Why Australia Should Respond to China’s Provocations With Self-Reliance
Originally published in World Politics Review.
Australia’s government had a minor meltdown last week, with Prime Minister Scott Morrison calling an impromptu press conference to demand an apology for a “repugnant” Twitter post by a Chinese government spokesperson that contained a doctored image of an Australian soldier holding a knife to an Afghan child’s throat. The image, which Chinese Foreign Ministry Spokesman Zhao Lijian tweeted from his verified account, had a caption that read, “Don’t be afraid, we are coming to bring you peace.” Zhao’s accompanying text in the Twitter post expressed shock at the death of Afghan civilians and prisoners at Australian hands, calling for accountability.
A week earlier, the Australian government had released the findings of an official inquiry that documented the murders of 39 Afghan civilians or prisoners by Australian special forces soldiers. Known as the Brereton Report, it was the result of a four-and-a-half-year investigation into allegations of Australian war crimes in Afghanistan. Police investigations into the atrocities described in the report are forthcoming.
Morrison’s anger at Zhao’s grotesque provocation was certainly justified, but that didn’t make it a good idea to hold a press conference. China’s ambassador to Australia should have been called in for a private dressing down by a senior official, but instead, it looked like the nation’s prime minister had been goaded by a mid-ranking Chinese bureaucrat into demanding an apology he was never going to get. What should have been a firm but quiet statement of Australia’s disgust at Zhao’s indecency became a test of strength that Australia couldn’t win.
From Australia’s perspective, the pressure had been building. Days before Morrison’s press conference, China announced tariffs of 107 percent to 212 percent on imported Australian wine. Beijing had targeted other key Australian exports earlier in the year, including barley and beef, affecting billions of dollars in trade. Earlier this year, Cheng Lei, a Chinese-born Australian journalist who worked as a TV anchor for a Chinese state media outlet, was detained on vague charges of “endangering national security.” Two other Australian journalists, Bill Birtles and Michael Smith, were forced to leave the country after being aggressively questioned by authorities in connection with Cheng’s case.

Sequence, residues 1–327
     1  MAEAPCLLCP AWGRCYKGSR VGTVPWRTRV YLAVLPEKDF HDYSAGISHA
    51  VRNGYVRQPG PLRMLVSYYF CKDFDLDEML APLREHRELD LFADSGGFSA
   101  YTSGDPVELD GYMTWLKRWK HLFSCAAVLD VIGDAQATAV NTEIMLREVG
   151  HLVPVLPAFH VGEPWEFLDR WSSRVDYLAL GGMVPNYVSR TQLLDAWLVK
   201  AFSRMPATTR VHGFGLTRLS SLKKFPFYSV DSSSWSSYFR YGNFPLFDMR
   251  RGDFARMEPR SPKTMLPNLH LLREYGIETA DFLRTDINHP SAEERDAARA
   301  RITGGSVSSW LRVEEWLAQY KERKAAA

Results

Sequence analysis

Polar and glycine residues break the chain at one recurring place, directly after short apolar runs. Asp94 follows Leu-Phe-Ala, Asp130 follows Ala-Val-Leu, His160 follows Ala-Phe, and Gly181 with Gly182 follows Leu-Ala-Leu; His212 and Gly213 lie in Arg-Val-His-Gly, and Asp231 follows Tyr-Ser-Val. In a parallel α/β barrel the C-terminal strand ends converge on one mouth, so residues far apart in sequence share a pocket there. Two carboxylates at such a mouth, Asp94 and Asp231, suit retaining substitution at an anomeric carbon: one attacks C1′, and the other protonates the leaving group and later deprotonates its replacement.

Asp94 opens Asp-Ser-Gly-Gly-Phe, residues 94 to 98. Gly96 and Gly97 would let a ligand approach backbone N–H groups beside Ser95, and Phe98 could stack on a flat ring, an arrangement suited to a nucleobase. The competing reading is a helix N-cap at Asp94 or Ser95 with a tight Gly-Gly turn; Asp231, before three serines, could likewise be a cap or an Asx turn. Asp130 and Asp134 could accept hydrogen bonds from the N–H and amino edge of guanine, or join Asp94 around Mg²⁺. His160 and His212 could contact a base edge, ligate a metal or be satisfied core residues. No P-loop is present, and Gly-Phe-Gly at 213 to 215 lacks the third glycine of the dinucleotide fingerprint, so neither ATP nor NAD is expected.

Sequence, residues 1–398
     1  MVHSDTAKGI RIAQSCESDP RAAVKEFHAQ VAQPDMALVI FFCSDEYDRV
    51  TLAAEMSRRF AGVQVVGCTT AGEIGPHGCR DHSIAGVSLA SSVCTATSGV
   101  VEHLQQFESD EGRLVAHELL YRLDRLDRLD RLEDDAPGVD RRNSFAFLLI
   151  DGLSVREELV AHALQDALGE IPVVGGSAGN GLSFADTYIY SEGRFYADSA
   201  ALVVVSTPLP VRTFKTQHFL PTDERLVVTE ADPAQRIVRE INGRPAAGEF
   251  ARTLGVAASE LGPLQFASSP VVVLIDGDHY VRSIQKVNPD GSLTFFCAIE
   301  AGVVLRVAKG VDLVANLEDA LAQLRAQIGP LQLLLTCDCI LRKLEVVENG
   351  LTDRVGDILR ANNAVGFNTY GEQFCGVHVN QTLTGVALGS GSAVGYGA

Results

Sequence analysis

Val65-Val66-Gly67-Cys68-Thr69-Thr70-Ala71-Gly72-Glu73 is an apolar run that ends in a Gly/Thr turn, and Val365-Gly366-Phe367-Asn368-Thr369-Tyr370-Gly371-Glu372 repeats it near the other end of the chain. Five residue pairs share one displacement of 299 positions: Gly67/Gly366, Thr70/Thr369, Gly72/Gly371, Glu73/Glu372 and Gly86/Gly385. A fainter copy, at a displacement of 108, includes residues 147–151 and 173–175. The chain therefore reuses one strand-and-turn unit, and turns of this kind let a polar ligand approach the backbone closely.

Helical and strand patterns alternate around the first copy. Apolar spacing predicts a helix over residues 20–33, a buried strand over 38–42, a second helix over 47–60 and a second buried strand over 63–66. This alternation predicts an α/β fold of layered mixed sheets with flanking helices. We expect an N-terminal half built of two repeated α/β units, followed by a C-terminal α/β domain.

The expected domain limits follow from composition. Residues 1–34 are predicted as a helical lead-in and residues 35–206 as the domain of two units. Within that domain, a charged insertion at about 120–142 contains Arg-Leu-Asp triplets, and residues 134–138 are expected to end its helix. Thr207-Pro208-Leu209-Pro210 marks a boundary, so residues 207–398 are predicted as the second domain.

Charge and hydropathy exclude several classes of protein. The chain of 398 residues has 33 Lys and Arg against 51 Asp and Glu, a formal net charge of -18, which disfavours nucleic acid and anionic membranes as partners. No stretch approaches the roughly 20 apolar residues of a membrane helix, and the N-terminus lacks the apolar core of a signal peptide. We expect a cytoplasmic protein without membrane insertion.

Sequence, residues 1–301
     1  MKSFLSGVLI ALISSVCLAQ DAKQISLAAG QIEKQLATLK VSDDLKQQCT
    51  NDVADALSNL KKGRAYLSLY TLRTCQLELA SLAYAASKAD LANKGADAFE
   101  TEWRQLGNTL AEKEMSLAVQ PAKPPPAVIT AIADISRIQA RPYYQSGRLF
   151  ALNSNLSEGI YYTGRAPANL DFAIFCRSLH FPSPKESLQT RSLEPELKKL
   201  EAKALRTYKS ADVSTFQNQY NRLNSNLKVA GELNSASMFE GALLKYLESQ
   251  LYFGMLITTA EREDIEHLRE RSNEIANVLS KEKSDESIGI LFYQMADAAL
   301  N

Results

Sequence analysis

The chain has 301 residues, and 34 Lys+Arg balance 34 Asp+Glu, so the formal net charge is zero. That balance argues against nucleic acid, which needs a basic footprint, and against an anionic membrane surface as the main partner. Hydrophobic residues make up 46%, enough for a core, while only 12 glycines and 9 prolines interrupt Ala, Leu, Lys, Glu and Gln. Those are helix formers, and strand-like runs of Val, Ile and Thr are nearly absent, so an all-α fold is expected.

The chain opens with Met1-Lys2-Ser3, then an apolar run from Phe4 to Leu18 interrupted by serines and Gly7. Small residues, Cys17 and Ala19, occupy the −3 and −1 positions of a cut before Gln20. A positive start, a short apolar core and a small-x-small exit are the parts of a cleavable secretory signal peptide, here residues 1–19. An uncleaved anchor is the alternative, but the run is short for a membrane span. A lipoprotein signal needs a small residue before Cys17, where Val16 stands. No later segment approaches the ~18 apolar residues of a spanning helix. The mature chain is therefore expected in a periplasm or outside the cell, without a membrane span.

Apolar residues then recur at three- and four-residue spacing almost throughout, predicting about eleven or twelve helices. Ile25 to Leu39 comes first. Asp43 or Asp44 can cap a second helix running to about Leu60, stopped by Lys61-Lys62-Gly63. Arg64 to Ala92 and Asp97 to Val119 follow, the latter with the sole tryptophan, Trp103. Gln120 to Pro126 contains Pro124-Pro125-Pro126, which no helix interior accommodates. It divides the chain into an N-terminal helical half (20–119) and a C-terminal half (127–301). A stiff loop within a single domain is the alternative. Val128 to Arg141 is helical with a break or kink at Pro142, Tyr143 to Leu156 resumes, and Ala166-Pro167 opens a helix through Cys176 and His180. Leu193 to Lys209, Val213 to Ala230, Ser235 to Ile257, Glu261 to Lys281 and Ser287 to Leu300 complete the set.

In fact, Australia has been in the diplomatic deep-freeze with China for more than two years. In June 2018, Australia introduced new laws to guard against foreign interference in its politics, mainly due to concern about China’s influence activities. Two months later, Australia became the first nation to ban the Chinese telecommunications giant Huawei from competing to build its 5G communications network. This year, the Morrison government clumsily called for an international investigation into the origins of the coronavirus pandemic in a way that clearly targeted China. And Australia’s 2020 Strategic Review signaled a navy-led effort to expand the military, with the threat from China in its sights. Many of these developments were part of an extraordinary 14-point list of grievances that the Chinese embassy in Canberra leaked to local media outlets last month.
So, emotions were high last week at Morrison’s press conference. But for all the heat, there was not much light. Australia seems no closer to answering the question: How do we get out of this downward spiral in relations with China?
For months now, Australians have heard calls for trade diversification to reduce its dependency on Beijing. But “dependency” is really inter-dependency, because China imports 60 percent of its iron ore from Australia, and it cannot source that quantity from any other country. Nor can Australia easily find new markets for its exports on the scale of China; if diversification was profitable, Australian exporters would have done it already.